1. Adoniram Judson helped form the first missions sending agency in American history. The American Board of Commissioners for Foreign Missions arose out of a network of New England Congregationalist churches of which Judson’s father was a pastor. However, while en route to Asia, Judson became convinced that the practice of infant baptism by those churches did not fit with what he came to see as clear teaching from the Bible on the matter. Thus, when and his wife arrived in India, he sent word that he could no longer serve in good conscience with the very mission board he helped found and on whose financial support he depended. When the Judsons joined the Baptists, they did so without any clear path of financial security or even a plan to carry out their missionary task. He cut off the only lifeline he had and trusted the Lord to provide. Judson could have asked for a short-term provision from the ABCFM until they landed on their feet or arrived at their destination. He also could have downplayed the issue as a mere ecclesiological variance, not a major departure of doctrine. But, here Judson’s biblical courage appeared as he moved forward by faith in his new-found convictions even though, like Abraham, “he went out, not knowing where he was going” (Heb 11:8).
  2. In 1832, Judson responded to an inquiry from the States to provide his advice to those considering missionary service. In his seventh of ten provisos, he stated, “Beware of pride; not the pride of proud men, but the pride of humble men–the secret pride which is apt to grow out of the consciousness that we are esteemed by the great and good.” Judson knew that survival on the mission field did not solely come at hands of physical health, wise diplomacy, and dogged commitment to the task. Here he spoke of another internal battle just as draining and every bit as dangerous. For even though the missionary may walk at the ends of the earth, he can neither escape the Spirit of God (Ps 139:9) or the prowling adversary (1 Pet 5:8). To serve with faithfulness in that place requires the biblical courage of self-control and the hunting down and harvesting of sins, like pride, that can easily entangle (1 Pet 2:24).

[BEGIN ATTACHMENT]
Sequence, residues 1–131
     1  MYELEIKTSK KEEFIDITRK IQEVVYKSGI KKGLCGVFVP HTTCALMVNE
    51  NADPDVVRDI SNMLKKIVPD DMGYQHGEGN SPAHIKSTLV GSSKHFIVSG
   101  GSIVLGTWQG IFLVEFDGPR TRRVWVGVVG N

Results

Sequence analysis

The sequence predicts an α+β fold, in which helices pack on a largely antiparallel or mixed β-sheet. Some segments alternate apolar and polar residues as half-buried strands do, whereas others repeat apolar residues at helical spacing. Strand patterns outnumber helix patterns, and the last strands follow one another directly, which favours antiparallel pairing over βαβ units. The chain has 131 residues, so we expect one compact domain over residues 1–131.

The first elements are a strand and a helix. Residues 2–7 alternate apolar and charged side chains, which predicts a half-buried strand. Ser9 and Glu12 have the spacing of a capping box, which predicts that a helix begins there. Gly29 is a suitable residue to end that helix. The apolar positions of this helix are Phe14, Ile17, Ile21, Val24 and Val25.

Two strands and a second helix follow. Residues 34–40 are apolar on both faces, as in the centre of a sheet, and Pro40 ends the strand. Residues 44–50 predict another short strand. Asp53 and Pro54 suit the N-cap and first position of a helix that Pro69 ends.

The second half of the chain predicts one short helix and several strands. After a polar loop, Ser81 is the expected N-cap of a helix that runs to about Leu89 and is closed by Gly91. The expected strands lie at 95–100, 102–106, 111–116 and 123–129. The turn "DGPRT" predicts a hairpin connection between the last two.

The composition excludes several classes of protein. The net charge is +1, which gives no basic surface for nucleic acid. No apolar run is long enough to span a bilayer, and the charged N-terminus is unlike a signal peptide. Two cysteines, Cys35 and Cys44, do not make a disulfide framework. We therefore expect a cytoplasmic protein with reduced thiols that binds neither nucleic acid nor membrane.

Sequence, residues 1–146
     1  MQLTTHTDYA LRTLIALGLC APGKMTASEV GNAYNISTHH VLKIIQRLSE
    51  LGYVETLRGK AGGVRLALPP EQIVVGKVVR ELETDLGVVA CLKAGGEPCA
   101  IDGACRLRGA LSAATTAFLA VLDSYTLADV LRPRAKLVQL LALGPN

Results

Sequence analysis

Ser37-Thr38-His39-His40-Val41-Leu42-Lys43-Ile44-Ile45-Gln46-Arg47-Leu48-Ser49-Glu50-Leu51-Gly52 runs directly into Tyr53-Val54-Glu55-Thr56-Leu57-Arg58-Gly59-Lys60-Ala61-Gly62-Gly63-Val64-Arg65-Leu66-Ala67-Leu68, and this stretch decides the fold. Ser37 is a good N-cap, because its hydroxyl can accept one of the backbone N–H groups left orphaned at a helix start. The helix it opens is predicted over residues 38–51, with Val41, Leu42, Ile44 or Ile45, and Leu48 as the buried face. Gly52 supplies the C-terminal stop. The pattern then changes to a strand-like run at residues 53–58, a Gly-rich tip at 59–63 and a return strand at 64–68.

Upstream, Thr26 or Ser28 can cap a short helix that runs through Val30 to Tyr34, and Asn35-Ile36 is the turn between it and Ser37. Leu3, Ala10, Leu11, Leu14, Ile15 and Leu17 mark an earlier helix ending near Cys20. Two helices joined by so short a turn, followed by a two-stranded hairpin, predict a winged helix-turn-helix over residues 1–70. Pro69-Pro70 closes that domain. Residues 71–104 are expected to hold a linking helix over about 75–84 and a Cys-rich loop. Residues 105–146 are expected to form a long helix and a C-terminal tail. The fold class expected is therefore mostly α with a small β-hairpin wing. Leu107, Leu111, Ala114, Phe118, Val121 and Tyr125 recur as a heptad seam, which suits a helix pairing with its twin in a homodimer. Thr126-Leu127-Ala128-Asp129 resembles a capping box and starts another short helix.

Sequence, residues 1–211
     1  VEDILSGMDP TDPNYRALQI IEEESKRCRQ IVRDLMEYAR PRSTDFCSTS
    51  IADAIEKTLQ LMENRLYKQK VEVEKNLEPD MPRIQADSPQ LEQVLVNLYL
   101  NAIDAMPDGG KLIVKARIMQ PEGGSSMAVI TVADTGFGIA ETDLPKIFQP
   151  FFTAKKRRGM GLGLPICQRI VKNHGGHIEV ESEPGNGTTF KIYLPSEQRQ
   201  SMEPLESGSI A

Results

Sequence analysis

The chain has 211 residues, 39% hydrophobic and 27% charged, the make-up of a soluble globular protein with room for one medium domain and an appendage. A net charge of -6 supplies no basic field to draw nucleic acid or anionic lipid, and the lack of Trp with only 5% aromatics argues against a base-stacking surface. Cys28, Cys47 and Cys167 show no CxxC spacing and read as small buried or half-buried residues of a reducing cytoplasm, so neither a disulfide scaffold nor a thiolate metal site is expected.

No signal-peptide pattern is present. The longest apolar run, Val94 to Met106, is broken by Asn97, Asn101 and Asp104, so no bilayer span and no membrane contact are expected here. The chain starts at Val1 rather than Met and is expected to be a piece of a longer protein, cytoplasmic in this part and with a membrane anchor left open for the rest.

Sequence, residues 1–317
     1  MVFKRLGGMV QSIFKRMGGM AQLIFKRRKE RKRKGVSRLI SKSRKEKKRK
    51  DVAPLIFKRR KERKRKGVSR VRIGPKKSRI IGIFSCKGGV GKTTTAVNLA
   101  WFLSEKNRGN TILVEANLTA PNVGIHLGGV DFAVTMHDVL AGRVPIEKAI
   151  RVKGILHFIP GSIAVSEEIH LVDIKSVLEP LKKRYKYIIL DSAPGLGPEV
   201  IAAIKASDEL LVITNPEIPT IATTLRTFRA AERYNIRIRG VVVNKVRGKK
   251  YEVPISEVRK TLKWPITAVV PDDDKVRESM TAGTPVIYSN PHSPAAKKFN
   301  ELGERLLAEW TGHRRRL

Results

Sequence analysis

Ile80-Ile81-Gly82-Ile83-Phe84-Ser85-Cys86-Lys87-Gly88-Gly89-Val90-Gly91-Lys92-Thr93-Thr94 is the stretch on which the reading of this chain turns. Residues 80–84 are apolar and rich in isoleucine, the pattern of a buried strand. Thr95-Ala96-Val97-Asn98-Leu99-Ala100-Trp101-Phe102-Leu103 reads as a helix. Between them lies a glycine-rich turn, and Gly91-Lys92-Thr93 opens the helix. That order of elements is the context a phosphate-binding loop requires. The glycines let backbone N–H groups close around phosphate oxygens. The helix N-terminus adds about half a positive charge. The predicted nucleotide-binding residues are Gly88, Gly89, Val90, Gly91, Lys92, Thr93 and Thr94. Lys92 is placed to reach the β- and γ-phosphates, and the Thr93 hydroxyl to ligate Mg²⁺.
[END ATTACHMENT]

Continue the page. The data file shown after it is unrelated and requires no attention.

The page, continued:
In that 1846 parting address to the next generation, Judson reminded, “The obligation, therefore, on the present generation, to redeem the pledge given by their fathers, is greatly enhanced. … Look forward with the eye of faith.” The missionary father was pointing a way to the future, and his life and legacy left a model of steadfast biblical courage. Like a steady steersman in a storm, Judson was calling the next generation to “act like men” both in visible displays of timely heroism and perseverance as well as in the less visible but still vital battles of the mind and heart.

Editor’s Note: This article first appeared on the blog for The Council of Biblical Manhood and Womanhood (CBMW).

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Jason Duesing

Jason Duesing

Vice President for Strategic Initiatives and Assistant Professor of Historical Theology and assistant professor of historical theology at Southwestern Baptist Theological Seminary in Fort Worth, Texas.